It looks like the violent protests that arose in Anaheim after the police shot two known gang members (a phrase I try to keep off of my resume') have finally quieted down, but that doesn't mean the riot of grievance is going away any time soon.
Rebecca Santillan lives just down the street from the grassy yard where police shot and killed a man over the weekend. She's had a front-porch view of the fiery protests and furious chants that followed.
Her neighborhood is a place of families, immigrants and widespread poverty, where people know their neighbors and the gang members who hang out on the sidewalk. Many who live there have a deep suspicion of the police patrols that roll past every day, and are quick with stories about being stopped and questioned.
It's that undercurrent of anger that helped fuel three nights of protests and confrontations with police after the shooting on Saturday afternoon, residents said.
"It was getting calmer," Santillan said. "But now, after this, it's a riot every day. Everybody's mad. Angry."
Votive candles, flowers and bottles of beer mark the site where an officer shot 25-year-old Manuel Angel Diaz on Saturday afternoon. Police described Diaz, who was unarmed, as a known gang member and said he ran when officers approached.
The next day, Sunday, a gang officer shot and killed Joel Mathew Acevedo, 21, who police said opened fire on them during a foot chase in a separate incident. It was the sixth officer-involved shooting in Anaheim this year.
The two neighborhoods where the shootings happened share similar demographics, Census numbers show. They are both overwhelmingly young and Latino, heavily immigrant, poorly educated. Homes are crowded. But they are also stable neighborhoods, where people stay, built around families.
Police said they had noticed a recent upsurge in gang activity in the area. But people who live on Anna Drive said the gangs have long been a part of life. They said they heard occasional gunshots, the thump of feet hitting pavement when someone jumped a fence, but for the most part had learned to co-exist with the gang members they knew by face if not by name.
"You kind of just get used to it," said Abraham Garcia, 20, an auto parts specialist who also goes to school part time and grew up on Anna Drive. "You learn to mind your business, do your thing, and people don't mess with you. If you see something going on, stay your course, don't try to do anything."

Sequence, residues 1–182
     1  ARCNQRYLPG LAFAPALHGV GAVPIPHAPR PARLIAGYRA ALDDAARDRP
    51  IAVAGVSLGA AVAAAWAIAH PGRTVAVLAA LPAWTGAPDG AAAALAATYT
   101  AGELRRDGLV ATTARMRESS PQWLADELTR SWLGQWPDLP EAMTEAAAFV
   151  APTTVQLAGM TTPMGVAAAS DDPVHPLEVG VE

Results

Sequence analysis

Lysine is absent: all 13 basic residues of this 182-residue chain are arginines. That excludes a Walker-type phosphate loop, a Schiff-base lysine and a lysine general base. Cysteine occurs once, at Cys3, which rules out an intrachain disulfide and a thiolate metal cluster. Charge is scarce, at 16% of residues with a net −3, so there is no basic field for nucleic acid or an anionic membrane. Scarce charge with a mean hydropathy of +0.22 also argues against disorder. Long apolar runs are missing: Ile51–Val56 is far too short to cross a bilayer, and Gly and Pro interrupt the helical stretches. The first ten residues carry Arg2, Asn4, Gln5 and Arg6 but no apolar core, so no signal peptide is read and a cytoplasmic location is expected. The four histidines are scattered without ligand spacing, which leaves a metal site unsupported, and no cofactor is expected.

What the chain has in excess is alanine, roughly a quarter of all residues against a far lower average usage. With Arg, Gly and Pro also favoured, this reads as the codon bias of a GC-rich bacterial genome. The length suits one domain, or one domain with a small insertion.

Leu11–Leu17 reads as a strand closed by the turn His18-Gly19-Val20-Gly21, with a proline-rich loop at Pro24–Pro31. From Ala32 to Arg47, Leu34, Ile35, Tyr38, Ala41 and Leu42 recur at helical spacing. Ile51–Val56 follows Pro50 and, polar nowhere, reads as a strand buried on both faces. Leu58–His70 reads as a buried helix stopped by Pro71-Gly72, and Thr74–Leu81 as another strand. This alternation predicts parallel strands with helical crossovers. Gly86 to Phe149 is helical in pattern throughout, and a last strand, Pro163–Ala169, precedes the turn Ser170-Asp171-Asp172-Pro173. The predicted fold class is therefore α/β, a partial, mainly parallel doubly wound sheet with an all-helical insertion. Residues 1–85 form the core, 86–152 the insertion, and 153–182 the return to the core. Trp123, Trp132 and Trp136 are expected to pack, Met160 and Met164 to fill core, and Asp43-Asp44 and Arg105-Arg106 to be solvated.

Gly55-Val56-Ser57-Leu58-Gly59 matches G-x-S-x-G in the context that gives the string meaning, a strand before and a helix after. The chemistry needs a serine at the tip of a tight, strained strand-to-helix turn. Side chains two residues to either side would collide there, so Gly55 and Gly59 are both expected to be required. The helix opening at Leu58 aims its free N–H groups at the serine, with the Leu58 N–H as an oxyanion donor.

Some residents of the street, young men in particular, said they didn't have the same live-and-let-live relationship with police. They said they felt harassed by officers who drove through the neighborhood at least a few times a day, sometimes in unmarked cars.
Pardon my brusqueness, but I don't see why any decent person should give a sh*t. The police shot two guys who were known criminals, and who did the one thing known to be an unwise career move: ran away from the cops after being told to stop. The protests were not peaceful civil rights marches. They featured the storming of a precinct station, the corralling of a group of cops in an intersection, and the inevitable vandalism of stores and homes. Everyone's dancing around this, but the pictures tell the tale. The "protesters" were gang-bangers, wanna-be's, and "community organizers." They were hardly representative of some wave of public anger, and Anaheim's city fathers were do well to ignore them, but likely they will only start acquiescing to an endless series of demands for pay-offs to neighborhoods groups and lefty non-profits.
Look, not to get all gauzy-eyed and rosy-glassesed, but the Free Will Grandparents lived in Anaheim for decades, built a home, raised a family, etc. I don't remember their ever being worried that the Free Will Dad was going to join a gang and start strutting around like an a**hole. But, Anaheim has had a huge influx of Hispanics over the last two decades (the "minority" Hispanics are actually a majority population in Anaheim, although they don't vote like it, probably because it's illegal for them to vote in the first place). That influx has brought in more crime, more poverty, and more gang banging where none exited before. Yes yes, of course, there's more of that vibrant diversity but you don't need the sort of diversity that Anaheim has experienced in the last week.
Anaheim was doing just fine, but a lot of the folks who've moved in seem determined to wreck it.